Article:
In Defense of Helicopter Parents
Hindsight is 20/20. It’s always easier to understand the why of most things when you’re looking back in time.
In a prior life, I defended clients in court. More often than not, they did something wrong. Often, the crime was a symptom of a much larger problem. You know, like alcohol misuse, or drug abuse.
With juvenile clients, the larger problem was usually more complex. And, any good juvenile judge would want to help solve the larger problem, not just punish the crime. So getting to the bottom of the behavior was an important part of the job.
This wasn’t anything they taught in law school. It was just a skill you had to develop. To represent your client meant giving the judge a clear picture of what was going on at home, at school, or in the neighborhood.
To this day, hearing about criminal behavior in the news gets my wheels turning. Especially when its behavior that seems out of character for the alleged criminal. My brain instinctively starts looking for clues to the larger problem.
In the past week, or so, the criminal behavior that keeps appearing in the news is that of parents. Parents bribing a way forward for their kids. Securing them spots at elite universities.
A by-product of this reporting seems to be a critical evaluation of all parents. Not just those accused in the scandal. Now, we see articles condemning the “helicopter,” “lawn mower,” and “snowplow” parents. You know, parents that seek to solve problems for their kids, rather than letting their kids fail. And learn.
It’s easy to point the finger. So easy to pass judgment. But, what if we took the time to try to understand what underlies the behavior of these parents? Not just the parents willing to commit criminal acts. But the parents willing to do their kids’ homework. Or argue with a teacher about a grade. Or confront a coach about playing time. What makes parents behave this way?
Don’t get me wrong. I’m not defending the behavior. I didn’t defend my clients’ behavior either. But, you can’t fully correct the offending behavior without at least trying to understand the context. Apply a little hindsight. Get to the larger problem.
For the sake of easy numbers, let’s say that the offending parents’ behavior — the helicopter, lawnmower, and snowplow behavior — began to appear, in noticeable numbers, 20 years ago. And, let’s say those parents, at that time, were thirty-something. That would mean that the first generation of offending parents were born in the late 60s and early 70s.
They grew up in the 70s and 80s. They started work in the late 80s and early 90s. What about their experience was different?
What if we looked at their wage growth in comparison to their productivity?
Today, we can see that this cohort of parents started working during a time when wage growth stalled out. Productivity continued to grow, but wages didn’t keep the same pace.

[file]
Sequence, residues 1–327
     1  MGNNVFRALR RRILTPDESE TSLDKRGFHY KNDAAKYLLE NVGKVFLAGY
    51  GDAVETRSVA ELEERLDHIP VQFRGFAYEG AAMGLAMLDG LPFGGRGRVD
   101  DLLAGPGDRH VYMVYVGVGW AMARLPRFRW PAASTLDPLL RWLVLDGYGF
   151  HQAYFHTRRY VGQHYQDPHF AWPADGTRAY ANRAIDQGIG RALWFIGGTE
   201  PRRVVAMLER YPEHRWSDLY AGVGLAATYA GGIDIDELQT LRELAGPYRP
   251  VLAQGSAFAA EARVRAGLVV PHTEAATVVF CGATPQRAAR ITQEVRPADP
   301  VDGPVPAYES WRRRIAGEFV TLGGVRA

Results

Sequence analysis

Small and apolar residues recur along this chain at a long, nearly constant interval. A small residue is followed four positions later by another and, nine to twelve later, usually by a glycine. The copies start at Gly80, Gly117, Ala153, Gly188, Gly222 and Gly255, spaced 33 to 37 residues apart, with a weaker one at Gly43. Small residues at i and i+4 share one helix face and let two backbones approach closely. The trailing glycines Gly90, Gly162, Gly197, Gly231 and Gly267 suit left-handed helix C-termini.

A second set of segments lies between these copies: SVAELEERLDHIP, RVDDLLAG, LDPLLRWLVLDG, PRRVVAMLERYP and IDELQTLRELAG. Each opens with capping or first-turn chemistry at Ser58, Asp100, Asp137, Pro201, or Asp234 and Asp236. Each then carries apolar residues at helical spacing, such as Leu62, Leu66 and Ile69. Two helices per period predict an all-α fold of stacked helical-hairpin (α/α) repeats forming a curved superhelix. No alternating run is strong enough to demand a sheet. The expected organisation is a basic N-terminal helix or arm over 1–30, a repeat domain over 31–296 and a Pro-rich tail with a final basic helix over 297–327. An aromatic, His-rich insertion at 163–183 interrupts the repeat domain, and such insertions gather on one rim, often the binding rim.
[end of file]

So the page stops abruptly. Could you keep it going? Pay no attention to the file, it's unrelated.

They were working hard. Hard enough that productivity continued to rise. But, unlike their parents’ generation, compensation did not rise at a corresponding rate. And, this continued. For years on end. It’s still like this today. Nearly 40 years of wages not keeping pace with productivity.
I’m a member of this cohort. I began working in 1988. I know first hand how it felt to work hard and not achieve the same results as the generation before.
But, when it was happening, no one told us that our time was different. If you sought out answers. Looked for advice. Tried to figure out why you were falling behind. Inevitably, what you read and heard was that you just needed to work harder. Pull yourself up by your bootstraps.
There was no other explanation. You were bound to take it personally.
So, when it came to raising kids. When it came to wanting for them what every parent wants — for them to have it better than you. What were you to do? You were working hard. But, it wasn’t working.
So, maybe, you looked around and you decided to control what you could. To influence what was right in front of you. Maybe that’s what seemed most natural. With a little effort, you could seemingly make your kid’s life better by making it easier.
Other parents saw what was happening, and started to do the same thing. And, it began. Parents were labeled as helicopters. Then they were lawnmowers. Now they are snowplows.
I completely understand the perils with this kind of parenting. Absolutely, I do. But, rather than reading articles that condemn the practice, for once, I’d like to see someone try to understand where it’s coming from. And, then offer help.
Instead of just labeling and criticizing. Instead of shock and outrage. How about help. Help parents understand it. So they can correct it.
In my mind, we can start by being honest. By telling parents that it’s true. That many of them aren’t as well off as their parents. That looking back we can now see what went wrong. And, that we can start to correct it. Or change it. For our kids.
Maybe, for the sake of our kids, we stop defining success by the metrics of baby boomers. We stop trying to live up to an impossible standard. It’s been dead for 40 years.
Maybe, we tell our kids that times have changed. That things are different. That having it better doesn’t necessarily mean more money, more things.
Maybe better means more meaningful work. More focus on family. More time to be human, rather than a cog.
Better yet, maybe we should ask our kids how they define success. Then, we work together to get our kids there. Where they want to be.